All workshop participants

All workshop participants

Veterinary expertise is crucial to conservation efforts, and this workshop provided the opportunity to share experiences regionally, provide practical training, build local and regional capacity in elephant and tiger veterinary care, and enhance veterinary expertise needed for effective conservation.

The workshop looked at wildlife health from the ecosystem perspective and afforded the opportunity to discuss topics such as disease spillover from humans and/or livestock to wildlife, emerging diseases and/or disease prevalence, as well as reducing stressors in the environment.

In addition to meeting and hearing from some experienced elephant veterinarians previously unknown to AES, it was also very interesting to listen to those veterinarians working with tigers in range countries. It makes one stop to think that this majestic creature is now facing yet another challenge as habitat loss brings domestic canines into proximity, offering up the very real threats of distemper and rabies.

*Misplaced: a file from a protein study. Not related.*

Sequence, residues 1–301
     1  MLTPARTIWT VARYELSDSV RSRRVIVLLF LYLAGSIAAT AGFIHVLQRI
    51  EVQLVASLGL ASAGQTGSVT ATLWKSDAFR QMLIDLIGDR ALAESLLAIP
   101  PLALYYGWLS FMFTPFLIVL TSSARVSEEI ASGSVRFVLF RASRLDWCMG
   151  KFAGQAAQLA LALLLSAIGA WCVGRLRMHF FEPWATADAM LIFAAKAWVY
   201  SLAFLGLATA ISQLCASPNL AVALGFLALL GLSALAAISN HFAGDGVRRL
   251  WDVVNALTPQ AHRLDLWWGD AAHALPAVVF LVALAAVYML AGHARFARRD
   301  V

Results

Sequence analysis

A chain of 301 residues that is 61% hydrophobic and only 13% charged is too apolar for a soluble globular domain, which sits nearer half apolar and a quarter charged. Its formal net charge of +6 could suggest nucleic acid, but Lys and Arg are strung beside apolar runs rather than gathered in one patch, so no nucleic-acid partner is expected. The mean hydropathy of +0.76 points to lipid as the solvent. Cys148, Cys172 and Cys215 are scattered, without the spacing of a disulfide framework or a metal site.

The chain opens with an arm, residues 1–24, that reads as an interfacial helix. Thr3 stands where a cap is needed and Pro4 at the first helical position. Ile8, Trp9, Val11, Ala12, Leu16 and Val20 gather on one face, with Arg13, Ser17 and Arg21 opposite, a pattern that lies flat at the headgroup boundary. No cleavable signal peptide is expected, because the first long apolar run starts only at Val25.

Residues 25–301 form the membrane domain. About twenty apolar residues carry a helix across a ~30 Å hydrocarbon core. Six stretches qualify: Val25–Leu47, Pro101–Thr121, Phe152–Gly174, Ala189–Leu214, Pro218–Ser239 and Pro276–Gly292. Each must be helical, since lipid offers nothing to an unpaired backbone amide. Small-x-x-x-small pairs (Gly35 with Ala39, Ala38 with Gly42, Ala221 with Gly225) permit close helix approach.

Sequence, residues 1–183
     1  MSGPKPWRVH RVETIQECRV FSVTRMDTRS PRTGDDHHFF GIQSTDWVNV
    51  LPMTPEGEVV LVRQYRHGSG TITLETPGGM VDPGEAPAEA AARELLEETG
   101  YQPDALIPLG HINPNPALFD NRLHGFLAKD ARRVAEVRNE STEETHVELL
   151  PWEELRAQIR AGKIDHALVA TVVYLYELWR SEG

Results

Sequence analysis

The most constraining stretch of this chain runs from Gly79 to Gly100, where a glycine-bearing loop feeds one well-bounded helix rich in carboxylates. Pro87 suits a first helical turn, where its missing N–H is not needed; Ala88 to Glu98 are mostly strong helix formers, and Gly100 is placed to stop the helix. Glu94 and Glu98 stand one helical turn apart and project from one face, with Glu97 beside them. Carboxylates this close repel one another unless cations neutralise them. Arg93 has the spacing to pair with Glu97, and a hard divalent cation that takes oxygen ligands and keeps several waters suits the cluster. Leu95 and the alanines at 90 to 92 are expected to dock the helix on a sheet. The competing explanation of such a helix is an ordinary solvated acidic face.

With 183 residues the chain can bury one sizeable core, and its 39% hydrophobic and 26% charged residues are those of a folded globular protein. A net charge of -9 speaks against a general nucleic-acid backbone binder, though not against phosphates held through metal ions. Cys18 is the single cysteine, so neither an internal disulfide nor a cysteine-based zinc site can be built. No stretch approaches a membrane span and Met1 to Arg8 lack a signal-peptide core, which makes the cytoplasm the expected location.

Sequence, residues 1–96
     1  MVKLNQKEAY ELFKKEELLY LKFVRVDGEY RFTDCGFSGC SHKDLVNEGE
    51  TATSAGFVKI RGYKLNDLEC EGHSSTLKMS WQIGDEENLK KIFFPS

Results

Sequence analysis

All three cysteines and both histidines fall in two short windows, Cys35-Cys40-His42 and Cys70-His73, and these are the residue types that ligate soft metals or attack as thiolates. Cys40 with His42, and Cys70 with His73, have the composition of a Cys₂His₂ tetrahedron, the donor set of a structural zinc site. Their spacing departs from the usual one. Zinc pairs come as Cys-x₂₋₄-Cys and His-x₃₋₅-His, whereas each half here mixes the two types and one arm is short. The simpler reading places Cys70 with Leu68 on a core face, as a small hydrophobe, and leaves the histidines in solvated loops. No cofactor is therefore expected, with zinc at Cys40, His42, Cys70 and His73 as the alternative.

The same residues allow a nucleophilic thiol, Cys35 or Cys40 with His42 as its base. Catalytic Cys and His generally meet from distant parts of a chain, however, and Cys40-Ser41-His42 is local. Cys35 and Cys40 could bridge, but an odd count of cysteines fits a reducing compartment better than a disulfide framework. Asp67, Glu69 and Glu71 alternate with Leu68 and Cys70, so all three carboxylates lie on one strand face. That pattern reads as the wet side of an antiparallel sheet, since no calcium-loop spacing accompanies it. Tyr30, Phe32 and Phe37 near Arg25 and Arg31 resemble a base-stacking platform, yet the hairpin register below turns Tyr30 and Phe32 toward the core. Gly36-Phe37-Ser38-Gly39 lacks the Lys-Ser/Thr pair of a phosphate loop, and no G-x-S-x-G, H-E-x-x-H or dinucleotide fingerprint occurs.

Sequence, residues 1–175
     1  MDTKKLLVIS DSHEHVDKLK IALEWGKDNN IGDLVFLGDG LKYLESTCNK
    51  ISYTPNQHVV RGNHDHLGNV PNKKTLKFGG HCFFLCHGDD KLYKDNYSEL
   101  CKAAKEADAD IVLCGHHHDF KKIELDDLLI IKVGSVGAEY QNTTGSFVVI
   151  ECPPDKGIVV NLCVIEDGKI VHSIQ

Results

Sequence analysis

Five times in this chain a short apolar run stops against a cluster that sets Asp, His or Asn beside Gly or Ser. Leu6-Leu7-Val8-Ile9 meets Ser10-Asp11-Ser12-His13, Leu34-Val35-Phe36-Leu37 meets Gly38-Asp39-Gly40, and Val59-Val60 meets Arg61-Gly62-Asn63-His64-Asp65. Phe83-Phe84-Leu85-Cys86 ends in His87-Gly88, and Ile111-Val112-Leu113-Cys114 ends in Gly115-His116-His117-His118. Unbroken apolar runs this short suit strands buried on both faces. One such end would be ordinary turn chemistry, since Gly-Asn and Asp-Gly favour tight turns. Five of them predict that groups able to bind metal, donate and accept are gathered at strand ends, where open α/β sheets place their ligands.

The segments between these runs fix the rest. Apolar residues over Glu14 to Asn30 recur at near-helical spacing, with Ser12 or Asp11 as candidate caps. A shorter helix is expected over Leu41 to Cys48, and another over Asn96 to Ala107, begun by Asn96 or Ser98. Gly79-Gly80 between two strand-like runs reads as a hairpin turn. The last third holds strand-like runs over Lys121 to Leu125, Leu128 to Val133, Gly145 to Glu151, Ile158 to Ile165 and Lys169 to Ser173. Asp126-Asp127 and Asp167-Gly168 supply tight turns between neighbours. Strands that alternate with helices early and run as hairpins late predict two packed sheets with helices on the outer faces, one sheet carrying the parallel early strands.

Dr. Arun Zachariah, one of the veterinarians in India AES has funded, co-chaired this event with AES consultant Heidi Riddle.  In addition, Dr. Zachariah presented on emerging diseases in Asian elephants and a second presentation on post-mortem techniques in Asian elephants and tigers.  You may find the official report here:  https://gallery.mailchimp.com/6008a9e8fff086bcf7caed1f8/files/AES_Elephant_Tiger_Workshop_Kerala_2016.docx

Dr. Christopher Stremme presented on the work he is doing in Sumatra (work AES continues to help fund) and also participated with Dr. Dennis Schmitt in a demonstration of ultra-sonography in Asian elephants.  Dr. Khajohnpat Boonprasert (“Dr. Yeaw”) who has helped us help wildlife department veterinarians in Vietnam, recounted the work being done at The Elephant Conservation Center in Lampang, Thailand.  And Dr. Zaw Min Oo, who AES has worked with in Myanmar, also presented.